UNAIDS and the World Health Organization have published updated guidance on ethical considerations in HIV prevention trials. The new guidance is the result of a year-long process that saw more than 80 experts and members of the public give inputs and is published 21 years after the first edition appeared.
"UNAIDS is committed to working with the people and populations affected by HIV, promoting and protecting their rights," said Peter Godfrey-Faussett, UNAIDS Science Adviser. "This guidance sets out how to carry out ethical trials on HIV prevention while safeguarding the participants' rights during scientific research and promoting the development of new HIV prevention tools."
With 1.7 million people becoming newly infected with HIV in 2019, there is still an urgent need to develop new ways of preventing HIV and make them available so that people can protect themselves from the virus. While new methods of preventing HIV have been developed over the past few years, for example pre-exposure prophylaxis, taken orally, in the dapivirine ring or in long-acting cabotegravir injections, the demand for easy-to-use and effective HIV prevention tools remains strong.
However, the need to develop new HIV prevention methods needs to be balanced with the need to protect the people who participate in scientific studies of the safety and efficacy of the prevention tools.
Research on people is governed by a well-established framework of ethical standards. The new report sets out in 14 guidance points the ethical standards for research on HIV prevention and upholds and explains the universal principles of ethics for research involving people in ways that are relevant to the participants and to developments in research for HIV prevention.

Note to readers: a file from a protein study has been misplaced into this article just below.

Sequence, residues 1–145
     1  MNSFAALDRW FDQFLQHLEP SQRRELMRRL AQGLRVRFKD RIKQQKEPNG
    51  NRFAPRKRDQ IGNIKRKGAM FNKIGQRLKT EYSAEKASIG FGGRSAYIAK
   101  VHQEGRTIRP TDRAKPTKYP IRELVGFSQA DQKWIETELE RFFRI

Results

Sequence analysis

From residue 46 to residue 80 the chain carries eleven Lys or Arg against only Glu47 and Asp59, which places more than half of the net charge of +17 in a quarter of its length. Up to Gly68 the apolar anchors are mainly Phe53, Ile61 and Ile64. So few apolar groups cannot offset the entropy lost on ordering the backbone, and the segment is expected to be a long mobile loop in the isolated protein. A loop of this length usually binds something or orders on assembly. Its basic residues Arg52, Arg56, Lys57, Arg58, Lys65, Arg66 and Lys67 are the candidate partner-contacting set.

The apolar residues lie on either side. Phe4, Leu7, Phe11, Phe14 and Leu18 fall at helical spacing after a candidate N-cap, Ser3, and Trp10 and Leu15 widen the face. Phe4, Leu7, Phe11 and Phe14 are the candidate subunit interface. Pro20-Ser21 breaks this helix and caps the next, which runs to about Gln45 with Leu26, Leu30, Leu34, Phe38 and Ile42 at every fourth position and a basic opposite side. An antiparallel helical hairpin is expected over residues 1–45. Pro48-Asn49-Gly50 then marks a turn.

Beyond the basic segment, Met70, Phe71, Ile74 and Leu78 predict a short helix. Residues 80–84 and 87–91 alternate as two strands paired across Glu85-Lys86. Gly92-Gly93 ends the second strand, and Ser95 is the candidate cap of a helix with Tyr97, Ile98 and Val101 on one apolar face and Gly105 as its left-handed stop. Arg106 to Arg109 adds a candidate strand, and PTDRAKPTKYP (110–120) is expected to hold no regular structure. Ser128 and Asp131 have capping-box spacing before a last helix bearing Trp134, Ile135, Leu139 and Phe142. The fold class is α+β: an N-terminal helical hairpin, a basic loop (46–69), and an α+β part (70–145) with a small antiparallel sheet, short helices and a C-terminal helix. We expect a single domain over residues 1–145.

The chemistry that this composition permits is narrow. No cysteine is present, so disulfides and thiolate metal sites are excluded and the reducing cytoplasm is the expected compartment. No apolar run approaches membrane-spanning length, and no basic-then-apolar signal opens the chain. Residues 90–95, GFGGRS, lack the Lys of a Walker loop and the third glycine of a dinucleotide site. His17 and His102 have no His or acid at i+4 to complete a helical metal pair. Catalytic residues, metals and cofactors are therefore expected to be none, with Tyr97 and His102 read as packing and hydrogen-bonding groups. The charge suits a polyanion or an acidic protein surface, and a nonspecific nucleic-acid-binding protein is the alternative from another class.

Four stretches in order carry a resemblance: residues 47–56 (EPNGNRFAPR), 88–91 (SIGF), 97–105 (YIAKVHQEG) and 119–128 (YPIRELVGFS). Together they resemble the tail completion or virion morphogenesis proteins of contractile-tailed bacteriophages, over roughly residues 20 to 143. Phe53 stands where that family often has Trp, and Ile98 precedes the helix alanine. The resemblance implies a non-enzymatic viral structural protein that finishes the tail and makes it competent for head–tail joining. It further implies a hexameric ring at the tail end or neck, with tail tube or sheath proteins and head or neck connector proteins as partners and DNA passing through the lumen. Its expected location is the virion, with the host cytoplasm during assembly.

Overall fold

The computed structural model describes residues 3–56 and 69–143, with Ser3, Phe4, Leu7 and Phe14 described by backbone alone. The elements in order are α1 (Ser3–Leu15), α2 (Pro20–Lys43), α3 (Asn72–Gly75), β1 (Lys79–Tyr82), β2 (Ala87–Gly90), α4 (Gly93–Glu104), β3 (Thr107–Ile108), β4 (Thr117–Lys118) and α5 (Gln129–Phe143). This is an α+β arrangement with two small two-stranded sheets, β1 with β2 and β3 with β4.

"The World Health Organization must ensure that policymakers and health implementers keep ethics at the heart of their decision-making. This collaboration with UNAIDS in convening a wide range of stakeholders for the review is a model for the future development of ethics guidance," said Soumya Swaminathan, Chief Scientist at the World Health Organization.
The ethical considerations surrounding HIV prevention research are complex. Research must be conducted with the populations for which the new methods might have the most impact---such as key populations and adolescent girls and young women in locations where there is a high incidence of HIV---but members of those populations often live in situations that make them vulnerable to discrimination, incarceration or other harm, which can limit their participation in research and makes ethical research more challenging. The updated guidance seeks to set out how to ethically incorporate the needs of the people who could most benefit from HIV prevention research.
The updated guidance includes a number of key revisions to the previous edition. The importance of community members being involved at all stages of research projects is highlighted---there must be an equal partnership among research teams, trial sponsors, key populations, potential participants and the communities that live in settings where trials are taking place.
The issue of fairness, with an inclusive selection of study populations without arbitrary exclusion on the basis of characteristics such as age, pregnancy, gender identity or drug use, is emphasized. The guidance also underlines contexts of vulnerability---people and groups should not be labelled as vulnerable, but rather the emphasis should be on the social or political contexts in which people live that may render them vulnerable.
That researchers and trial sponsors should, at a minimum, ensure access to the package of HIV prevention methods recommended by the World Health Organization for every participant throughout the trial and follow-up is set out in the updated guidance, along with the need for post-trial access by participants to products that are shown to be effective.
"This revised guidance will support all stakeholders in designing and conducting ethically and scientifically sound HIV prevention trials that advance the AIDS response towards the goal of zero new HIV infections," added Mr Godfrey-Faussett.